He started to turn away from the creature, then thought better of that. So, he backed up, slowly. A quick glance and he saw that he could safely back up; no mounds of snails were behind him. As he backed onto the shore, the creature seemed to calm down. It began moving back toward the center of the lake.

As the creature was no longer facing him, he took a long look around. The lake was maybe a couple of miles wide. However it stretched from horizon to horizon. Across the lake he could see cliffs rising up above the lake and something green that extended beyond his sight. Behind him, rising up over a hundred feet, was a wall of rock. He could see something on top of the cliff, but he did not recognize it. The shore beneath the cliff was an expanse of sand, dried brownish seaweed, an occasional piece of driftwood and billions of tiny shells.

He noticed something odd in one place on the rock wall. Moving closer, he realized that it was a stair: someone had carved steps into the wall of rock. About halfway up the side of the cliff he noticed a rather large platform. Climbing the stairs took much less effort than he thought it would. At the top of the stairs was a large platform built of inlaid stone of various colors. The inlaid stone formed a rather beautiful pattern. Standing on the edge of the platform, he looked out at the lake.

While he could see the objects in front of him very clearly and in sharp focus, he had difficulty recognizing exactly what he was observing. His impression that there was a cliff on the other side was apparently correct. He could see no sign of any buildings, only what now appeared to be a vast forest. There was a disturbance on the surface of the lake, maybe two or three hundred yards out. When he finally understood what he was observing, he was astounded. It was a whole herd or flock of the creatures. Some were babies. Others were much bigger than the one that chased him out of the lake. These creatures really were frolicking. He could see that their movements were now much different.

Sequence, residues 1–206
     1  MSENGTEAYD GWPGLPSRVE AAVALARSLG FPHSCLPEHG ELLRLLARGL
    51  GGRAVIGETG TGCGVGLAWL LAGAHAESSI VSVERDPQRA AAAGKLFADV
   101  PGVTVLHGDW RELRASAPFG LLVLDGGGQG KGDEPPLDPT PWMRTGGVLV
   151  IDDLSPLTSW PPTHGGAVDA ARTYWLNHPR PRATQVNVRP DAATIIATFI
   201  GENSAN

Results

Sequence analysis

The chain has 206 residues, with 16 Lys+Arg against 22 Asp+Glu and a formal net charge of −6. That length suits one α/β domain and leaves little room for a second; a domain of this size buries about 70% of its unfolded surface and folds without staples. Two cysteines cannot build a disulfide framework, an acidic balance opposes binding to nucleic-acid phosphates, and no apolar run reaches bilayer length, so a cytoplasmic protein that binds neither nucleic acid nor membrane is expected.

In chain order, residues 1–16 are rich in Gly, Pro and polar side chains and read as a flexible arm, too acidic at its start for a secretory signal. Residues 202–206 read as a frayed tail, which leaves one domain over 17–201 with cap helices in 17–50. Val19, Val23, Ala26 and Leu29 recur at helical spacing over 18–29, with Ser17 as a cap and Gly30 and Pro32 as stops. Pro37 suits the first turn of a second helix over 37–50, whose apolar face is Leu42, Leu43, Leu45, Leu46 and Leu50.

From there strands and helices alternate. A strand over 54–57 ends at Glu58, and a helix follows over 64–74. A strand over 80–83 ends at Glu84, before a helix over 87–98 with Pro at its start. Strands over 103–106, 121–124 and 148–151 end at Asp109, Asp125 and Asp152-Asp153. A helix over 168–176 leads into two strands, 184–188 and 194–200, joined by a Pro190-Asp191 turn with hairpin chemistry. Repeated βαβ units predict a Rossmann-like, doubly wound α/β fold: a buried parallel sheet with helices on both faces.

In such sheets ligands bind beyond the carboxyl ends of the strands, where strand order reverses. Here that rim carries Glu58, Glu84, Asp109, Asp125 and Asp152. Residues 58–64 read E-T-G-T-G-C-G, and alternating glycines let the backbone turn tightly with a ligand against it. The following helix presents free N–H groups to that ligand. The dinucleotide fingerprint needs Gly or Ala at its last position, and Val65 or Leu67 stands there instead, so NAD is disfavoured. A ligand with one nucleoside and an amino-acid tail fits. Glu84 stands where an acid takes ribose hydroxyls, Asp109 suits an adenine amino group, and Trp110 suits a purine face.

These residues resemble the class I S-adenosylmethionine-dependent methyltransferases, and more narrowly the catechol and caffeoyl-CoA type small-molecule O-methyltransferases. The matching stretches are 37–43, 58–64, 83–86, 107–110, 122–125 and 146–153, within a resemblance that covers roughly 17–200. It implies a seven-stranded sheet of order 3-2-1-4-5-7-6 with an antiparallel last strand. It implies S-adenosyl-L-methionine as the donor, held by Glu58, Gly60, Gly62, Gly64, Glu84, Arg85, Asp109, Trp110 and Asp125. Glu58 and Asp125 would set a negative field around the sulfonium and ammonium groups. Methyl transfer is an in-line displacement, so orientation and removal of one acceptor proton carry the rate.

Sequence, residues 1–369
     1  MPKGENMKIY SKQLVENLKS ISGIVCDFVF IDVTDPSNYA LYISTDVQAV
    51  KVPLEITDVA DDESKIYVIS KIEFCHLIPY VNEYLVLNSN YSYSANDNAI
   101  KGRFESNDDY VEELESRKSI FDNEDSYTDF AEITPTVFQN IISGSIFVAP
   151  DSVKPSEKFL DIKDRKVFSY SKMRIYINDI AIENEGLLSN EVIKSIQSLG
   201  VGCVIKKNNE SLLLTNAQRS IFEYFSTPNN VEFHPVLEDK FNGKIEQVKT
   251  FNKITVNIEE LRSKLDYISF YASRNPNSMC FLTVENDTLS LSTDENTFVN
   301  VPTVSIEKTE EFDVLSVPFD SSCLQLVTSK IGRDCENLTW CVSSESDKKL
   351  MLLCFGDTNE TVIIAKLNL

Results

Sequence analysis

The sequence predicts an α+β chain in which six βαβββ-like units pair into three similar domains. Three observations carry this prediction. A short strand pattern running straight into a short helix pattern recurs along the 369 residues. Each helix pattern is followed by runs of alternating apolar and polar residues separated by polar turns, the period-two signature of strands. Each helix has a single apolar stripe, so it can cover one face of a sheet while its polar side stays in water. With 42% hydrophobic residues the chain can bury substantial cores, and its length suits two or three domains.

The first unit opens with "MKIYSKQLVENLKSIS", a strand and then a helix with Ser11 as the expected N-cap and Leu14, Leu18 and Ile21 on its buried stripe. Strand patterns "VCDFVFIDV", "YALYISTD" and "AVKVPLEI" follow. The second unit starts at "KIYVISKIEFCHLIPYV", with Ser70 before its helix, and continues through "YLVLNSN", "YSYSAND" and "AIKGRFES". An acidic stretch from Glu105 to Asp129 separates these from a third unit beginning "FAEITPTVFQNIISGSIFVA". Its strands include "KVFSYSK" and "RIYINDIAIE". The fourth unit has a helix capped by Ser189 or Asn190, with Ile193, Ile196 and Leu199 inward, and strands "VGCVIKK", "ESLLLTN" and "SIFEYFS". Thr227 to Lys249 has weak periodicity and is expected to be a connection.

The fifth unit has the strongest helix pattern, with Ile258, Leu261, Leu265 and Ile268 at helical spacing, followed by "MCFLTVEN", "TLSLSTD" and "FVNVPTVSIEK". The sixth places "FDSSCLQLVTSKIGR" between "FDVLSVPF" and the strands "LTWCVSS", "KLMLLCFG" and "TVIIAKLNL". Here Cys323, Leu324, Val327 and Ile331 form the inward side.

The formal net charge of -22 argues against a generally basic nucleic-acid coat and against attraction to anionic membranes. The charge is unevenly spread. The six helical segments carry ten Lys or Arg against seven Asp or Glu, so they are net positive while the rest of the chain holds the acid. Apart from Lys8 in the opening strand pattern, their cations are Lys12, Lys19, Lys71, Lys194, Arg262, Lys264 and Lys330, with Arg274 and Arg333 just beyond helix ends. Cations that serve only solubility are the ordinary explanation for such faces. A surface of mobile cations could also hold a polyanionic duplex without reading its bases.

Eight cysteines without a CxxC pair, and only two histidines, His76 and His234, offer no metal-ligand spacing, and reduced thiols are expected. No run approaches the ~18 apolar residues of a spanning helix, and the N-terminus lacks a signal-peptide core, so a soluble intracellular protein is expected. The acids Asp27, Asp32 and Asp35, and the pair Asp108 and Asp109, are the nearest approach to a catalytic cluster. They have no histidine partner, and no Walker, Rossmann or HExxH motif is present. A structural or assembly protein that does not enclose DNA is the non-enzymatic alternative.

Turning his attention to the pattern of stones in the platform floor, he was surprised that he recognized the pattern. It was a very ancient design, familiar to him because his grandparents had a rug with the design hanging on the wall in their hallway. While he had always wanted to take the rug down, lay it on the floor and walk around the pattern, he never had. Today, with the pattern on the platform before him, he would walk the design.

As he took the last step he felt the floor give way. He was dropping through space and time, it would seem. He quickly lost consciousness.

He woke up in the stone circle, sitting up against the standing stone. The sun had moved and was now beating down on him. He could move his legs and so he stood up. That’s when he realized that he had been wet. The sun had dried the front of his shirt and jeans, but his back was still damp. And his sneakers were still wet. He must have slept through the rain.

A couple of steps and he felt something in his shoes. Sitting down, he took them off. In his shoes, stuck to his socks, were a few of the tiny shells from the lake shore!